Appreciation for your employees is best demonstrated as an act of kindness in moments that really matter, like the

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Making wearables matter: Blood pressure monitoring could be the tipping point


This post is by David Riggs from TechCrunch


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Today’s wearables are still designed for the healthy and wealthy, not those who could benefit the most. Medical wearables offer the potential to collect health data and improve health via a combination of real-time AI and expert human intervention. Apple’s announcement of FDA clearance of its Watch for screening for irregular heart rhythms was meant to be groundbreaking. But its medical value right now remains limited and controversial. What will make the promise into reality?

I believe the application that will make wearables medically matter is automated blood pressure monitoring. Blood pressure may not be sexy, but it’s a universally understood measurement and a clinically central one. Your doctor measures your blood pressure every single time you visit. Even those who don’t pay close attention to their

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Three great opportunities for startups in the entertainment space


This post is by Jonathan Shieber from TechCrunch


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With over-the-top (OTT) changing the way we consume entertainment across devices, most of the media attention is going to the big players trying to elbow their way into the streaming space with big new subscription services and original programming. Less discussed is the suite of technologies that pave the way for those services to connect to their audience and monetize the content.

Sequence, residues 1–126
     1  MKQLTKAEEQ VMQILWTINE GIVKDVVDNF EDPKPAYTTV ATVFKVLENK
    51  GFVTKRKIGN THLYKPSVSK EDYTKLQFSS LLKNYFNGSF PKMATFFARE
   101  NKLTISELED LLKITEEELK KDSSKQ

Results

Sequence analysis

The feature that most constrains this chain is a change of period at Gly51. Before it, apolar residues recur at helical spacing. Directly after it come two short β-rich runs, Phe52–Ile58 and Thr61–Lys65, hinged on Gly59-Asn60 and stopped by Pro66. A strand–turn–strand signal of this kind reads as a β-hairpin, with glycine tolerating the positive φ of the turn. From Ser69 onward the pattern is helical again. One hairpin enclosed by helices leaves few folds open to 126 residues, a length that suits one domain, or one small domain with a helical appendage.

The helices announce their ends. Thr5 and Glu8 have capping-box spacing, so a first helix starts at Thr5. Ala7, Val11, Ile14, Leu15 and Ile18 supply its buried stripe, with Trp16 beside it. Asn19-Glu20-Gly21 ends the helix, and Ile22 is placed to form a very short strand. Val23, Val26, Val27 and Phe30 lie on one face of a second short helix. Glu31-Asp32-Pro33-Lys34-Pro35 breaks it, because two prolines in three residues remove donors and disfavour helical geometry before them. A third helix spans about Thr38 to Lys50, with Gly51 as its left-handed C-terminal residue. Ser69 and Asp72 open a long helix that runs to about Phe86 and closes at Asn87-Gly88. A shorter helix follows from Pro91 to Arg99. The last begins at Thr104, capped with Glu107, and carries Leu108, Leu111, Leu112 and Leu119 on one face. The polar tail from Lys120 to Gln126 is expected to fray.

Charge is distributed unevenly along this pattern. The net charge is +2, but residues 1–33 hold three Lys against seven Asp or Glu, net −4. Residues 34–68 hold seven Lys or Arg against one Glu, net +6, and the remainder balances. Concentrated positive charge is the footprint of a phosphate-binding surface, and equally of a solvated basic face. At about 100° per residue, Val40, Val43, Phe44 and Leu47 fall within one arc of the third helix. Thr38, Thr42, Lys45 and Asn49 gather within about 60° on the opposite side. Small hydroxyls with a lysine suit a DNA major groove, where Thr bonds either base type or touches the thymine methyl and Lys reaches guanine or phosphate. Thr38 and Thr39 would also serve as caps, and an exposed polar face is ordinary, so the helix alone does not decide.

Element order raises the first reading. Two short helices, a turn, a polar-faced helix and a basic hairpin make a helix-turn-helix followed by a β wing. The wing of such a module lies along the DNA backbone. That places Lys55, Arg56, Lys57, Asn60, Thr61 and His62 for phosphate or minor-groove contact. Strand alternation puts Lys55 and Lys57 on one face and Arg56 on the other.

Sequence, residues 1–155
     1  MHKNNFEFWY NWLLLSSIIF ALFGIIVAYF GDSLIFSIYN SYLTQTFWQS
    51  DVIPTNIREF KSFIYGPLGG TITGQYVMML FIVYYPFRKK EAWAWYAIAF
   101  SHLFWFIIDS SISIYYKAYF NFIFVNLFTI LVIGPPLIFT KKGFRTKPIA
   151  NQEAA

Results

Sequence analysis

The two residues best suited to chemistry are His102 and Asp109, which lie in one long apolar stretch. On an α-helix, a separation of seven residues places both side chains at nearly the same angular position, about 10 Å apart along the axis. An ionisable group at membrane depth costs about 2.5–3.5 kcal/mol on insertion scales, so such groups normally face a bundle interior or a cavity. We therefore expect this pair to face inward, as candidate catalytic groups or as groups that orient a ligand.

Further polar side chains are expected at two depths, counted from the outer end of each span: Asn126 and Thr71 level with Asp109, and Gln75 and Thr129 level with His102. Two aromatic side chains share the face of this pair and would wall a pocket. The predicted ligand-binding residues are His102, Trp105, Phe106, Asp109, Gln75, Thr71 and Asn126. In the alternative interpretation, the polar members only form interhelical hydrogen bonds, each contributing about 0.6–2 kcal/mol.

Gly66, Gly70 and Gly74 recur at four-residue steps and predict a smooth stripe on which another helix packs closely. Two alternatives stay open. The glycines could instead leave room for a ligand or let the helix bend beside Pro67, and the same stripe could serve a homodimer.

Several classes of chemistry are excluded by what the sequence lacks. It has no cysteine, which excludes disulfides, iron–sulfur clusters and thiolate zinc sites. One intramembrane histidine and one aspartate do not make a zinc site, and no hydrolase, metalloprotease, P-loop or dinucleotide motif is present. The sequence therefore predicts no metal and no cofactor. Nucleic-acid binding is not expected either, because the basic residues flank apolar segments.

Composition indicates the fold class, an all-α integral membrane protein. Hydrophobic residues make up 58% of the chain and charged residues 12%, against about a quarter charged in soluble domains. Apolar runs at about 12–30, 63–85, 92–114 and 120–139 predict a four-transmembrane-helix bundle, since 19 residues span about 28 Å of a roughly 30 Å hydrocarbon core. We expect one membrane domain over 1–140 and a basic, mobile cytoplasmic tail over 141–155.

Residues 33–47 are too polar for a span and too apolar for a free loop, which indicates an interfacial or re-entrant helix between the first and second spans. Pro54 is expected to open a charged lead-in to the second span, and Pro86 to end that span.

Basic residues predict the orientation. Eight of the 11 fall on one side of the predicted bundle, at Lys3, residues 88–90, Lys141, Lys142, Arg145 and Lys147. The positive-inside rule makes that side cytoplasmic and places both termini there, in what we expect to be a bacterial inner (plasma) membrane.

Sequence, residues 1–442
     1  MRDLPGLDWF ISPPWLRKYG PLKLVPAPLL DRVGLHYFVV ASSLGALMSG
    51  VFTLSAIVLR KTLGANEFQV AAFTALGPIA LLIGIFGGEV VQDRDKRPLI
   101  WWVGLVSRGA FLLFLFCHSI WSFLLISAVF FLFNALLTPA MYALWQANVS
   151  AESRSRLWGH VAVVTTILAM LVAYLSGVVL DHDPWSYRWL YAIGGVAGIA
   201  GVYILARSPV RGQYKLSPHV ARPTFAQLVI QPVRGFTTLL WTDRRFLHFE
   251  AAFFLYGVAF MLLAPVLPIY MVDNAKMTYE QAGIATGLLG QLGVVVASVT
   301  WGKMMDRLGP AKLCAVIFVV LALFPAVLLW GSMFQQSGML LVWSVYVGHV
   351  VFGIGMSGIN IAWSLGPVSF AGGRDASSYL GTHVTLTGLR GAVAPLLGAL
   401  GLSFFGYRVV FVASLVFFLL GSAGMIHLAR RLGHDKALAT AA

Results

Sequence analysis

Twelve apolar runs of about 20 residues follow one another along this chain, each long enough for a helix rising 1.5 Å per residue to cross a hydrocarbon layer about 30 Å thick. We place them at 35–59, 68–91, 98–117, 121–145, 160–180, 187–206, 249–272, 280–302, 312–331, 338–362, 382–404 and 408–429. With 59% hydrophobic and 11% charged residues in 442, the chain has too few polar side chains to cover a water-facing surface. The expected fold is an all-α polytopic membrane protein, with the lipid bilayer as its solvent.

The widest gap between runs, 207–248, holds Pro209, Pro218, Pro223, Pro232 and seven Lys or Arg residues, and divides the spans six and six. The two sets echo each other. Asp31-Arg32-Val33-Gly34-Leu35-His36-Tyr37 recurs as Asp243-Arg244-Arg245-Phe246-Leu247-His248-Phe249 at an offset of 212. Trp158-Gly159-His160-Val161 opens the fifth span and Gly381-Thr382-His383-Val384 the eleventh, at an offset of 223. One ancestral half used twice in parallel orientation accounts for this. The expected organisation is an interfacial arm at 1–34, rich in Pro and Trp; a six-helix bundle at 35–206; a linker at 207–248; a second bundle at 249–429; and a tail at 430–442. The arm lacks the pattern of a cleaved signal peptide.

Okay, it’s true video compression, identity management, analytics, front-end personalization and device-specific experience optimization are not the sexiest topics in the media world. But without those core features and functions, the OTT revolution would be dead in its tracks. And with the big providers focused on content development, user acquisition and business model optimization, development of those technologies is wide open for innovative startups.

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The future of autonomous vehicles runs off roads and on to farms, construction sites and mines


This post is by David Riggs from TechCrunch


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Fully self-driving passenger cars are not “just around the corner.” While the well-capitalized leaders — funded by corporations, multibillion-dollar VC funds or advertising revenue — are on more stable financial ground, many other full-stack autonomous vehicle startups may be looking for the off-ramp.

With no clear path to funds outside of venture capital, full-stack startups face two options: 1) get acquired for the talent and technology or 2) close shop. Cruise and Argo AI were big startup exits. Daimler Trucks acquired Torc Robotics (which did not follow the VC-startup model). And nuTonomy was marketed as a $450 million

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Digital health is growing fast — but at what cost?


This post is by David Riggs from TechCrunch


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Silicon Valley is obsessed with growth. And for digital health startups, that obsession is not only misguided, but dangerous.

The prevailing idea in the tech industry is that to succeed, you have to be ready to sell your idea, no matter how far along your idea really is. You’re encouraged to believe in your product even when there is no product to believe in.

And if you’re disrupting the mattress industry or the eyewear sector, maybe that’s okay.

But digital health startups must be held to a different and higher

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The startups creating the future of RegTech and financial services


This post is by Danny Crichton from TechCrunch


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Technology has been used to manage regulatory risk since the advent of the ledger book (or the Bloomberg terminal, depending on your reference point). However, the cost-consciousness internalized by banks during the 2008 financial crisis combined with more robust methods of analyzing large datasets has spurred innovation and increased efficiency by automating tasks that previously required manual reviews and other labor-intensive efforts.